Regardless of ideology, we should all welcome Apple’s decision to pay around $38 billion in taxes in order to repatriate hundreds of billions of dollars in overseas cash holdings.

Announcing the decision on Wednesday, Apple CEO Tim Cook also pledged major new investments in job creation and a second operations base that will add 20,000 jobs. As part of what Apple says will be a $350 billion boost to the U.S. economy, it will invest $10 billion in capital projects over the next five years.

There’s no other rational way to greet this news other than with a smile and celebration. Of course, the smile primarily belongs to President Trump and House Speaker Paul Ryan who were the drivers of the recent tax reform effort to reduce corporate taxes from 35 percent to 21 percent.

At the time and since, Democrats have declared that the corporate tax cuts represented a payoff that would benefit only the richest companies and their dominant shareholders. Instead, as Apple is showing, political empowerment of businesses is leading to capitalist empowerment of workers.

Sure, the Left will say that 20,000 jobs is no big deal, and that $38 billion in new tax receipts pales in comparison with the amounts that a retention of the 35 percent corporate tax rate would have brought in to the federal coffers.

But this argument is wrong for two reasons. First, it ignores the fact that Apple is far from the only major company responding to tax reform by investing in the future and in American families. Consider Walmart’s decision to increase its basic starting wage to $11 an hour and to provide a one-off payment of between $200 and $1000 to employees. AT&T, Boeing, and Wells Fargo and others have all made similar pledges. Without going any further, we're already talking about millions affected.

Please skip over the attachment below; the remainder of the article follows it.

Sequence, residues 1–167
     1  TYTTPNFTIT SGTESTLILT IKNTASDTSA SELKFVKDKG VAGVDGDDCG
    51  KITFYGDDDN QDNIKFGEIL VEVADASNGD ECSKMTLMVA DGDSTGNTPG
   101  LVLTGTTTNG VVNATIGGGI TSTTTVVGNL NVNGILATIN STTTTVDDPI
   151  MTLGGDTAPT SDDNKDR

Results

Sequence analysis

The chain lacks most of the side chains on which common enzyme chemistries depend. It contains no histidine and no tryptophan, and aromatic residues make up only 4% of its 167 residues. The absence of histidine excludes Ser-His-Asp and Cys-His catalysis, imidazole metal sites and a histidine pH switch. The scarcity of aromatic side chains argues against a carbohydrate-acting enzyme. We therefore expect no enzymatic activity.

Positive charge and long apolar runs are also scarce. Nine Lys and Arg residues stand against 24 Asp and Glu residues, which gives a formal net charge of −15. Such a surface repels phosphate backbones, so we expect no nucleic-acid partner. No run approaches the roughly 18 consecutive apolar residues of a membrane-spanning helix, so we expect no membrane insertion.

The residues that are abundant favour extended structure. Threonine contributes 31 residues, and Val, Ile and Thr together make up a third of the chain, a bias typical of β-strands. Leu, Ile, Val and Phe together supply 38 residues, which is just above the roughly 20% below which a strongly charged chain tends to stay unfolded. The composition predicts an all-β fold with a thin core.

Yet the key point here is not that these companies are acting this way because their boards and CEOs have suddenly become incredibly kind people. Rather, it's because they sense a new space to divert tax savings to their frontline services rather than to legions of tax lawyers and attorneys. They sense a business environment ripe for long-term investment in the pursuit of long-term productivity.

Second, the Left fail to recognize that the U.S. is suddenly once again becoming the world's go-to place to do business. Where the Obama administration hamstrung businesses with an ever-growing minefield of regulations, the Trump administration is breaking down the walls of inefficiency and encouraging global multinationals to expand or set up shop here in the U.S.

It’s a big deal. Considering the U.S. market size, our access to the globalized economy, our high living standards and our now unashamedly pro-capitalist agenda, tax reform should bring hundreds of billions in new investments to our shores. Trump has now done what Cook's predecessor, Steve Jobs unsuccessfully begged Obama to do many years ago.

So yes, the Left will continue to complain that abandoning one of Earth's highest corporate tax rates has denied government the funds to invest in a better future. But their argument is a very weak one.

The divergent history of capitalism and socialism proves that the former has done far more good for far more people. Now we're getting a new chapter of historical proof to that effect.